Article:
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Biogeosciences An interactive open-access journal of the European Geosciences Union
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https://doi.org/10.5194/bg-2018-502
© Author(s) 2018. This work is distributed under
the Creative Commons Attribution 4.0 License.
https://doi.org/10.5194/bg-2018-502
© Author(s) 2018. This work is distributed under
the Creative Commons Attribution 4.0 License.

Research article 20 Dec 2018

Research article | 20 Dec 2018

Review status
This discussion paper is a preprint. It is a manuscript under review for the journal Biogeosciences (BG).

How representative are FLUXNET measurements of surface fluxes during temperature extremes?

Sophie V. J. van der Horst1, Andrew J. Pitman2, Martin G. De Kauwe2, Anna Ukkola3, Gab Abramowitz2, and Peter Isaac4 Sophie V. J. van der Horst et al.
  • 1Meteorology and Air Quality, Wageningen University, 6700 HB, Wageningen, the Netherlands
  • 2ARC Centre of Excellence for Climate Extremes and Climate Change Research Centre, University of New South Wales, Sydney, NSW, 2052, Australia
  • 3ARC Centre of Excellence for Climate Extremes, and Research School of Earth Sciences, Australian National University, Canberra, ACT, 2601 Australia
  • 4OzFlux Central Node, TERN Ecosystem Processes, Melbourne, VIC 3159, Australia

Abstract. In response to a warming climate, temperature extremes are changing in many regions of the world. Therefore, understanding how the fluxes of sensible heat, latent heat and net ecosystem exchange respond and contribute to these changes is important. We examined 216 sites from the open access Tier 1 FLUXNET2015 and Free-Fair-Use La Thuile datasets, focussing only on observed (non-gap filled) data periods. We examined the availability of sensible heat, latent heat and net ecosystem exchange observations coincident in time with measured temperature for all temperatures, and separately for the upper and lower tail of the temperature distribution and expressed this availability as a measurement ratio. We showed that the measurement ratios for both sensible and latent heat fluxes are generally lower (0.79 and 0.73 respectively) than for temperature, and the measurement ratio of net ecosystem exchange measurements are appreciably lower (0.42). However, sites do exist with a high proportion of measured sensible and latent heat fluxes, mostly over the United States, Europe and Australia. Few sites have a high proportion of measured fluxes at the lower tail of the temperature distribution over very cold regions (e.g. Alaska, Russia) and at the upper tail in many warm regions (e.g. Central America and the majority of the Mediterranean region), and many of the world’s coldest and hottest regions are not represented in the freely available FLUXNET data at all (e.g. India, the Gulf States, Greenland and Antarctica). However, some sites do provide measured fluxes at extreme temperatures suggesting an opportunity for the FLUXNET community to share strategies to increase measurement availability at the tails of the temperature distribution. We also highlight a wide discrepancy between the measurement ratios across FLUXNET sites that is not related to the actual temperature or rainfall regimes at the site, which we cannot explain. Our analysis provides guidance to help select eddy covariance sites for researchers interested in exploring responses to temperature extremes.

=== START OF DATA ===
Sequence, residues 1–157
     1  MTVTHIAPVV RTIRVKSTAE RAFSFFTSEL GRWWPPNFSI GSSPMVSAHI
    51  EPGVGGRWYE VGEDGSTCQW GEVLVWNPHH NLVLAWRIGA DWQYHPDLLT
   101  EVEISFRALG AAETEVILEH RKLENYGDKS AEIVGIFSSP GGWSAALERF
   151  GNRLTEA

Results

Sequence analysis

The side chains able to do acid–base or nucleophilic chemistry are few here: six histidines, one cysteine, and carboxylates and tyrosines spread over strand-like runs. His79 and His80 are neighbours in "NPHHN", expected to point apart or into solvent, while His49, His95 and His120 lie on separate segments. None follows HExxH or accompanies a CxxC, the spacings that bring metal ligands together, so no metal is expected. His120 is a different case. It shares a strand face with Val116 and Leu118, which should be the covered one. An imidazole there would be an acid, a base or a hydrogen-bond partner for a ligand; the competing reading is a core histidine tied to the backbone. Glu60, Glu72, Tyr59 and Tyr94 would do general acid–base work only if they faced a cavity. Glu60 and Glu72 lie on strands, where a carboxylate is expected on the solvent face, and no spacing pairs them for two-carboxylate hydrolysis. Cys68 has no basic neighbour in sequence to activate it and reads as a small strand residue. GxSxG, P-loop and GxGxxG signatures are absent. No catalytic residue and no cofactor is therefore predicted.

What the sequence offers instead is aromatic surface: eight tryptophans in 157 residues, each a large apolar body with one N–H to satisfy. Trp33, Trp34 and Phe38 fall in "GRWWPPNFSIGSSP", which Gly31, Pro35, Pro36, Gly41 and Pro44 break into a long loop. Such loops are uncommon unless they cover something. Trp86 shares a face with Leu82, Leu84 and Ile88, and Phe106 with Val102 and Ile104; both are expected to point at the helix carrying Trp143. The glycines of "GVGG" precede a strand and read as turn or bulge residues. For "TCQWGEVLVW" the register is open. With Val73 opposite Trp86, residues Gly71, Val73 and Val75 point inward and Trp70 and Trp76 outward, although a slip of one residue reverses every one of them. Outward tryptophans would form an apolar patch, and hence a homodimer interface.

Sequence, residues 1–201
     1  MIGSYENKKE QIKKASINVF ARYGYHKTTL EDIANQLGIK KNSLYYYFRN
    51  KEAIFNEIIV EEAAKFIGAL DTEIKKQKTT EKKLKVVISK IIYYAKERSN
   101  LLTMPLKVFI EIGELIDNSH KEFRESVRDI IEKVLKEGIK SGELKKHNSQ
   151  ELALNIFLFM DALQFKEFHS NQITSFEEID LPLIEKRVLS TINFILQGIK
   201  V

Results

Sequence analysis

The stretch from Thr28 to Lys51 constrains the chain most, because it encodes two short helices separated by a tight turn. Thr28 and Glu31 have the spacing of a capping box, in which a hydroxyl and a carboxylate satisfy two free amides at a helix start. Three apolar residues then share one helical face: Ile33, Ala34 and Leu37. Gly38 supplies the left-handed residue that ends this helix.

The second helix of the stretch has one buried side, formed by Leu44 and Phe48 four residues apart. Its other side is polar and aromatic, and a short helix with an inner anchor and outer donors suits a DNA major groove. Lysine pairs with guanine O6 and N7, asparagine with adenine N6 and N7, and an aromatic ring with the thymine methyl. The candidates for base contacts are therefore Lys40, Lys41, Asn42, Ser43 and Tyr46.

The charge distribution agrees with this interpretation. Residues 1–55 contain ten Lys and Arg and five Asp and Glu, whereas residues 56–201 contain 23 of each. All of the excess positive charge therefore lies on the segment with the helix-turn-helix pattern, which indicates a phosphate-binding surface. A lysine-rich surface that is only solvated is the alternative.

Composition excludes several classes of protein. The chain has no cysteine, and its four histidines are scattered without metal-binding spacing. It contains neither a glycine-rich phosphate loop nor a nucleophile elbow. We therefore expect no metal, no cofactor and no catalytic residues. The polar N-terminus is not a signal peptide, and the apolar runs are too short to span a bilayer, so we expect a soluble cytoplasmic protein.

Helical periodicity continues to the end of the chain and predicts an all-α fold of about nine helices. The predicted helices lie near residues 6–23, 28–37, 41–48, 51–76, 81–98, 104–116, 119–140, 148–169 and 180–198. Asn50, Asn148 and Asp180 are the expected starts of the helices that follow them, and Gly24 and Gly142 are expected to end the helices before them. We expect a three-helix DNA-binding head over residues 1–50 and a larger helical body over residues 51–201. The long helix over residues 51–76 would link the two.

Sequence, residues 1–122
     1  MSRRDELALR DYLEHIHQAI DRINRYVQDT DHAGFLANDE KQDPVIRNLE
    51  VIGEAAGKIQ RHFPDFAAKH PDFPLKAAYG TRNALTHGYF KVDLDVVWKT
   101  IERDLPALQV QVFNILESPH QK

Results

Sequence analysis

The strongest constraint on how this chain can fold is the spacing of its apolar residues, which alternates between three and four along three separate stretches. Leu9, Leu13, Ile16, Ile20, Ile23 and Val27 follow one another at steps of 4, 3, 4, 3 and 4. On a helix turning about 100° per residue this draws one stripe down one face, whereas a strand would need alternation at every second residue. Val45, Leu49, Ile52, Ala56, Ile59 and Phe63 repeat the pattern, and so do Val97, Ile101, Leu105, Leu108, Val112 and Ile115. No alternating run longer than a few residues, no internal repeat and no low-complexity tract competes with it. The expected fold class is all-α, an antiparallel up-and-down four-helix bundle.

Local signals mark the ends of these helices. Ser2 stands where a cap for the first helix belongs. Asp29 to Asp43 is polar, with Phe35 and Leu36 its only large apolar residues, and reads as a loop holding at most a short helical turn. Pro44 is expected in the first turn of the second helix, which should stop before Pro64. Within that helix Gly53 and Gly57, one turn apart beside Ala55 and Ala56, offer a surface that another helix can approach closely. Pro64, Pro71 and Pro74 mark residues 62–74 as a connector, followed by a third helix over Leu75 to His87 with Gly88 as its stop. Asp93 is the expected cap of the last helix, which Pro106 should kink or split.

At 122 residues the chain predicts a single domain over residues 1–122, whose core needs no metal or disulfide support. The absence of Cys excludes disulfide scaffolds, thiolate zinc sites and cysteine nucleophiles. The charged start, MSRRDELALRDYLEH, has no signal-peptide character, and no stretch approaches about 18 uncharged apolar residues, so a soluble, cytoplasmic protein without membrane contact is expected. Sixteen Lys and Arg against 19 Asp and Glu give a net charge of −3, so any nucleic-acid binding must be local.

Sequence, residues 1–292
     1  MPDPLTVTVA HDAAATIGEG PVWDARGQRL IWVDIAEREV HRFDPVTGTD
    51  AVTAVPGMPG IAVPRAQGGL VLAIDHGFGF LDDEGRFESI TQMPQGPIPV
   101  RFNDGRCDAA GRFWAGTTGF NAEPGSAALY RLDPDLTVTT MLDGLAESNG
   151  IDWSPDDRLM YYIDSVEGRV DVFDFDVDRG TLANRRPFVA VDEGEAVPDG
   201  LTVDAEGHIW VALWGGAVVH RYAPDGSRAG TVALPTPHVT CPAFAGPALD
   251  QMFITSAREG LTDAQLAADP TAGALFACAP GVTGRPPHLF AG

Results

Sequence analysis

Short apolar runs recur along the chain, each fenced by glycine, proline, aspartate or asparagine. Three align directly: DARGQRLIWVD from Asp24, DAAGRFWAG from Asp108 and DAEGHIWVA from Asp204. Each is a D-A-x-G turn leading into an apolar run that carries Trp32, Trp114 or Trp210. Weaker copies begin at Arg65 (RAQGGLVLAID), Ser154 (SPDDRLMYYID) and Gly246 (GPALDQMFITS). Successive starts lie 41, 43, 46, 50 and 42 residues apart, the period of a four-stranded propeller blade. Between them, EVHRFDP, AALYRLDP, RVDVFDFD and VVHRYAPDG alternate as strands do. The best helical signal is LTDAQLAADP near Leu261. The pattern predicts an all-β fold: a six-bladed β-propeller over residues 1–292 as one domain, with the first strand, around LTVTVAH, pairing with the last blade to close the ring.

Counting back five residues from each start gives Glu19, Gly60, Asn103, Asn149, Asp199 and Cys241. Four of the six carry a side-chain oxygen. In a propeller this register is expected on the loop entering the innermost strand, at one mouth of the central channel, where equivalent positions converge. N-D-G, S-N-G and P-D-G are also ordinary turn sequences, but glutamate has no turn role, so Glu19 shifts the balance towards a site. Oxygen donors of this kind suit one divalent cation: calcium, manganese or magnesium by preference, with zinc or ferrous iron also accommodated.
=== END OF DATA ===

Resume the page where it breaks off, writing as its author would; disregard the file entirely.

Sophie V. J. van der Horst et al.
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Short summary
Measurements of surface fluxes are taken around the world and are extremely valuable for understanding how the land and atmopshere interact, and how the land can amplify temerature extremes. However, do these measurements sample extreme temperatures, or are they biased to the average? We examine this question and highlight data that do measure surface fluxes under extreme conditions. This provides a way forward to help model developers improve their models.
Measurements of surface fluxes are taken around the world and are extremely valuable for...
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